Your regulator will need to provide guidance on when it's ok to break the code of conduct. Do you need to break the code of conduct? Worried that a complaint might be made that will cost you ONE MILLION POUNDS? Just talk to your damn regulator, they're hardly going to say "sure, you can do this, but not that" and, when you follow their advice, still allow the complaint against you through to arbitration.

Oh what, they have? MAKE A NEW REGULATOR (see point 1, again).

5) Make a transparent, readily available and FAST complaints procedure

Create a way for the public, whether personally involved or not, to complain about your work. Criticism is an opportunity for growth, and a mutually agreed outcome to a grievance strengthens relationships and respect. By having this procedure the regulation body you're subscribed to shouldn't be listening to a complaint before you've dealt with it, let alone take it to arbitration.

5b) Take complaints seriously

Oh, sure, you've got your complaints procedure but the net result is that you pretty much never accept fault, and any time you do you print the correction or apology in small text in one paragraph in 1/16th of a text heavy page. Are you surprised that the regulator feels they have to allow the complaint then made to them to go to arbitration?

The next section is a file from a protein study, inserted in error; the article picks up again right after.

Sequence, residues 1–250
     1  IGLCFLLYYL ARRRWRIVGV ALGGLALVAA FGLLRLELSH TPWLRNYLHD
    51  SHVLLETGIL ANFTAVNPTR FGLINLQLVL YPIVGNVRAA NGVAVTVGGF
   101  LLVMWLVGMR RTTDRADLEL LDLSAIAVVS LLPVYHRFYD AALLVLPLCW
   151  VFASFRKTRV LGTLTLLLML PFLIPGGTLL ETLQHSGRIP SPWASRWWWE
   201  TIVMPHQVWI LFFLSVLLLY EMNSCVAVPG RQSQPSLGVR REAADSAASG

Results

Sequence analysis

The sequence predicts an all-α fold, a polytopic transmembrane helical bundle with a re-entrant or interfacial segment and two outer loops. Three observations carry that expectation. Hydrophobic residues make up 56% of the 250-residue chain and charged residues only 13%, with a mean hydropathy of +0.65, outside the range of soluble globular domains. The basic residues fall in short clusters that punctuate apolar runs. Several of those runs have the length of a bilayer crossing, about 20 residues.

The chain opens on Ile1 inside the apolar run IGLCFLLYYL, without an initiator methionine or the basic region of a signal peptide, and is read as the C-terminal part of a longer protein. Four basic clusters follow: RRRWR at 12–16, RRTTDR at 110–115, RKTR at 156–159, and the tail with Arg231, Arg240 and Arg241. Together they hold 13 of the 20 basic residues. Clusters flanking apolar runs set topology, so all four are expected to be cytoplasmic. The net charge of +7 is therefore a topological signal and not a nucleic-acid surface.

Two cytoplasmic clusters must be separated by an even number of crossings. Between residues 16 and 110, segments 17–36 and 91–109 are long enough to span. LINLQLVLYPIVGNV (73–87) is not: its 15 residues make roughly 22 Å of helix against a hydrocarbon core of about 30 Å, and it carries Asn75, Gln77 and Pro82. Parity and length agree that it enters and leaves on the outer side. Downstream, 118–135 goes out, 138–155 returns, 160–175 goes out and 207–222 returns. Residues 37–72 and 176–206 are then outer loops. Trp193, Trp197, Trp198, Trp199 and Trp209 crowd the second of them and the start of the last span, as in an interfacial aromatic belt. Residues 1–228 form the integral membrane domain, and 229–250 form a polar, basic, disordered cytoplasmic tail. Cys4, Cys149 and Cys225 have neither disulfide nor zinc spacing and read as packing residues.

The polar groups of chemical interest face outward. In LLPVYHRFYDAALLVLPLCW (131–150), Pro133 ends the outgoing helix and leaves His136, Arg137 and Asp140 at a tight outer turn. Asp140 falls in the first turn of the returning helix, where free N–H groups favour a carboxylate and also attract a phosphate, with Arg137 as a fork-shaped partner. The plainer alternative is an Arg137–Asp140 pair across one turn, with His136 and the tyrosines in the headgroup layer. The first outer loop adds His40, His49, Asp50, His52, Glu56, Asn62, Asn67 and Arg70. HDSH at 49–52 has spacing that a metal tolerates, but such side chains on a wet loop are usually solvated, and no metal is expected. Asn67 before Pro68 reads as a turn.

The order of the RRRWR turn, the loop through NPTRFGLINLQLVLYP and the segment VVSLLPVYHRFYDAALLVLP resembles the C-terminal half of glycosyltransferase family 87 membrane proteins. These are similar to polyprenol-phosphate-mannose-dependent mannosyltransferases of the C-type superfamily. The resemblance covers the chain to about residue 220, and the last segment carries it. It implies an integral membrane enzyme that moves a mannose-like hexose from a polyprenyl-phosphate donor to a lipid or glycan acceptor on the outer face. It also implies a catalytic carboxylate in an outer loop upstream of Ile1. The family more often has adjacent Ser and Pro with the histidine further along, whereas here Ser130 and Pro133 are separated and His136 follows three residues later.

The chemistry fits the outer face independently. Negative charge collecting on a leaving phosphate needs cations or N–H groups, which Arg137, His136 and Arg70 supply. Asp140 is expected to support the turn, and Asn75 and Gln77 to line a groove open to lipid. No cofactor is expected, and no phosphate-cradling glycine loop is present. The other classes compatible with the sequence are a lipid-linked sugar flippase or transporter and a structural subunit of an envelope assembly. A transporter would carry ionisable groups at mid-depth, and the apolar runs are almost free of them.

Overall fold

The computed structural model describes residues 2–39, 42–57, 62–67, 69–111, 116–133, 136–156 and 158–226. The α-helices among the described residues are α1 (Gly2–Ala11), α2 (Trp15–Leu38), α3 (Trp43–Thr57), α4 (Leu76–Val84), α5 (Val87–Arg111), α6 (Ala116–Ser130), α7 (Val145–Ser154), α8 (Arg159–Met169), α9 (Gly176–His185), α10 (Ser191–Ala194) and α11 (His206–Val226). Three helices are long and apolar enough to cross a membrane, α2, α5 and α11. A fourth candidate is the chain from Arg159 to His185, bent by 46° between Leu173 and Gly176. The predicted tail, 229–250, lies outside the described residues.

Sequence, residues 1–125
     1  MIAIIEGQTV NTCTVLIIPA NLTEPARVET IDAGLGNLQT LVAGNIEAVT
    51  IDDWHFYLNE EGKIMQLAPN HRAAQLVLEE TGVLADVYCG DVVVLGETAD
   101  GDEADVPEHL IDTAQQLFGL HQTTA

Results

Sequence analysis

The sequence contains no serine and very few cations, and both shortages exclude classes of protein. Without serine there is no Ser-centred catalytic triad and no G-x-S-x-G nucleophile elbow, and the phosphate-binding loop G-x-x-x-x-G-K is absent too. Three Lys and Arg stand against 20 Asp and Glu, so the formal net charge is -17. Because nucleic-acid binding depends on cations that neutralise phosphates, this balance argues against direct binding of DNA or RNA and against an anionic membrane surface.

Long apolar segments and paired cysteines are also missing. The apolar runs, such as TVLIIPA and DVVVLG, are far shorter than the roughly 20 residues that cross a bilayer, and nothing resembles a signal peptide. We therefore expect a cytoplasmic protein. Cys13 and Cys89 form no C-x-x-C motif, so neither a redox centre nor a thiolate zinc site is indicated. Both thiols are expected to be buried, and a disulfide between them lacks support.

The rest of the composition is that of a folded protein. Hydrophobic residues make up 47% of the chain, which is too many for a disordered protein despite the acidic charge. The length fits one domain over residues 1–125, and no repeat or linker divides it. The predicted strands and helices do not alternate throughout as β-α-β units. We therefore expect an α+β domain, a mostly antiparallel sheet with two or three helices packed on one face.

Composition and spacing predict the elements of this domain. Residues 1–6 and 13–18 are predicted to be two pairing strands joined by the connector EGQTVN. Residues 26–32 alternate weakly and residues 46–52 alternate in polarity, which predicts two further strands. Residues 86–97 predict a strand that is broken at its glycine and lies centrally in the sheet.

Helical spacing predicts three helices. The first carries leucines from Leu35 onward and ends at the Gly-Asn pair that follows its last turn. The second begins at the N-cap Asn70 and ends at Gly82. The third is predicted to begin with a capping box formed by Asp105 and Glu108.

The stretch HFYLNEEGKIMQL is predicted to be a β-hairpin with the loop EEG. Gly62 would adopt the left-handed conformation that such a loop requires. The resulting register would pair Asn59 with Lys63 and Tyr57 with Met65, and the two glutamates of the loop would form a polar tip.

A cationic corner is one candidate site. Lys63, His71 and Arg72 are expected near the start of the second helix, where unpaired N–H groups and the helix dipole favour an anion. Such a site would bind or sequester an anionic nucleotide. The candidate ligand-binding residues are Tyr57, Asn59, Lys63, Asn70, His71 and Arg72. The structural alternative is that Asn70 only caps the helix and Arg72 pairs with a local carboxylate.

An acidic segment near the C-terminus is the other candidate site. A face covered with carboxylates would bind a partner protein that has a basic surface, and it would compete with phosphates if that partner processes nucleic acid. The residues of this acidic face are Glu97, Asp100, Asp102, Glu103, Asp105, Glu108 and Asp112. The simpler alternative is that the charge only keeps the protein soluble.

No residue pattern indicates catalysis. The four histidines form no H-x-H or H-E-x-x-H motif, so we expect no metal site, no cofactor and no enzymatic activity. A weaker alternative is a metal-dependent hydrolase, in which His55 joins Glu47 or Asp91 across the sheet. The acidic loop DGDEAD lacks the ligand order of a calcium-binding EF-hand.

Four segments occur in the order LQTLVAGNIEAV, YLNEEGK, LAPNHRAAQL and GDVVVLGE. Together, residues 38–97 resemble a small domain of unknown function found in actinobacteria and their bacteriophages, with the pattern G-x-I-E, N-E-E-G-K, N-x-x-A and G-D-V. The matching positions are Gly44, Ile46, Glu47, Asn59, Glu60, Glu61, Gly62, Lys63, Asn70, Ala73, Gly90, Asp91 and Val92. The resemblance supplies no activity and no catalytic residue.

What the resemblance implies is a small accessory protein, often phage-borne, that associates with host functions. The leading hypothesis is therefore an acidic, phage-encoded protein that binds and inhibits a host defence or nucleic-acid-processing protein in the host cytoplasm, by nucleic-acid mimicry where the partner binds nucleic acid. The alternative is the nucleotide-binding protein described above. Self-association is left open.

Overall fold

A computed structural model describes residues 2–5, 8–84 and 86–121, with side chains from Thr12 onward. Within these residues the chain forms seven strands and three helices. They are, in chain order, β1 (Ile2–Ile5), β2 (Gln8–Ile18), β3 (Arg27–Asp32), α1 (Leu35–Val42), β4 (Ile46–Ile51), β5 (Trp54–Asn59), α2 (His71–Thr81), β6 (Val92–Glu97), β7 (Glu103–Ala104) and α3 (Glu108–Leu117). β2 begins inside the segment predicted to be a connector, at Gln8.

If anything is making it to arbitration then it is going to usually be because you are are being unreasonable. Start thinking like individuals that like to be reasonable. Swallow your pride and print that apology with the same prominence you told the lie.

6) Don't keep making mistakes

So you've broken the code a few times, and you've not done anything about it, and you've had it go to arbitration....and you've lost each time. Maybe now is the time to re-evaluate your purpose in life and evolve? Or maybe you want to be fined up to 1% of your turnover (to a max of £1m)? Your call.

7) Profit

Big or small, if you follow the above steps then your "serious investigative journalism" is not going to result in your paper going bust. The insinuation that people are going to be able to go straight to asking you for a million pounds is an outright fallacy, and totally inaccurate with regards to the legislation concerned.

Perhaps this is a foretelling of the future though, as press regulation is passing journalists still can't get over misdirection, half truths and actual lies to try and push their view...right down to the wire the press is more than happy to show why it is so very important that these laws come to pass.